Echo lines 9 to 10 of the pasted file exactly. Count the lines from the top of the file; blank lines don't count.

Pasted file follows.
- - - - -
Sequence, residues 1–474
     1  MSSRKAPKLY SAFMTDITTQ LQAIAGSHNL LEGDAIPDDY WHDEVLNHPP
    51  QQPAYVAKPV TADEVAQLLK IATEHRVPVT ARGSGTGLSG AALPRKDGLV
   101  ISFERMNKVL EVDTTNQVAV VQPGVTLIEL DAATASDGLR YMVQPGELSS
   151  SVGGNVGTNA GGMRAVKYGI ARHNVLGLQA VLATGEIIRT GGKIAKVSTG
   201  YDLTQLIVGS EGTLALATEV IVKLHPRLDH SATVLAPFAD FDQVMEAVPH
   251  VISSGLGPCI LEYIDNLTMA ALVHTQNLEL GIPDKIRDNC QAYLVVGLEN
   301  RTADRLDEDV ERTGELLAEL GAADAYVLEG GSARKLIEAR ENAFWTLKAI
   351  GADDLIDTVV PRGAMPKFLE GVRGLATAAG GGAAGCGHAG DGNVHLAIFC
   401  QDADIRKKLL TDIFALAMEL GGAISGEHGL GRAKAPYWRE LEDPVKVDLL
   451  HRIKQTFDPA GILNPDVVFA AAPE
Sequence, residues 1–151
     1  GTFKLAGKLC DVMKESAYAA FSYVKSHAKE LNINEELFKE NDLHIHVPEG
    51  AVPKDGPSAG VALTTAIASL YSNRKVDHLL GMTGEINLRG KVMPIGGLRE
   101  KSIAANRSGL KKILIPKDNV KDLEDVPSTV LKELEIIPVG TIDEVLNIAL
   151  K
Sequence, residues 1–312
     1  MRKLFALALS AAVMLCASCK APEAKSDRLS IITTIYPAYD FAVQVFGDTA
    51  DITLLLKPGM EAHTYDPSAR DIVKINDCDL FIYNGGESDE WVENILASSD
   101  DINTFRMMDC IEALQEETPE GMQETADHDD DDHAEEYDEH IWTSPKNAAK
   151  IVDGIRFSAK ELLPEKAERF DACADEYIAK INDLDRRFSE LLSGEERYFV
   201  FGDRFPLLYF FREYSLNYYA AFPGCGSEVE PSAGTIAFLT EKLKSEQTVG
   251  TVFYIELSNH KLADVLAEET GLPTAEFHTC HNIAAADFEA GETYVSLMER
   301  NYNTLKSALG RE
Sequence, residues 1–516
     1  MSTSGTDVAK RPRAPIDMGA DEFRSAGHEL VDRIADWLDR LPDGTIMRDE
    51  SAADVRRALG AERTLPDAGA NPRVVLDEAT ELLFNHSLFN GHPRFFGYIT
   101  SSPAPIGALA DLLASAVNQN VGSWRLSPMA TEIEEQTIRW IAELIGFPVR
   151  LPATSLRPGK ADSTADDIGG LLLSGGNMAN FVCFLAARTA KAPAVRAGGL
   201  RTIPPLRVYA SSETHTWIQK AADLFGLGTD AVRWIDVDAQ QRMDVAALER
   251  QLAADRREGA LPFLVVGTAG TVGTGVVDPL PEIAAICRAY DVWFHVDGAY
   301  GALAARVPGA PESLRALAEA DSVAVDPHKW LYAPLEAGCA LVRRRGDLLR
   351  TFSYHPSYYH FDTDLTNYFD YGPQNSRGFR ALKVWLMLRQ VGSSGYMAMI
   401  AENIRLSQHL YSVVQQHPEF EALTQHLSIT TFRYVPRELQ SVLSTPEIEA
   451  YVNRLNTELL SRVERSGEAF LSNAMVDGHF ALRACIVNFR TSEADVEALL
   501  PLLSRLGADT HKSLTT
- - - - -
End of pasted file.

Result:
   351  GADDLIDTVV PRGAMPKFLE GVRGLATAAG GGAAGCGHAG DGNVHLAIFC
   401  QDADIRKKLL TDIFALAMEL GGAISGEHGL GRAKAPYWRE LEDPVKVDLL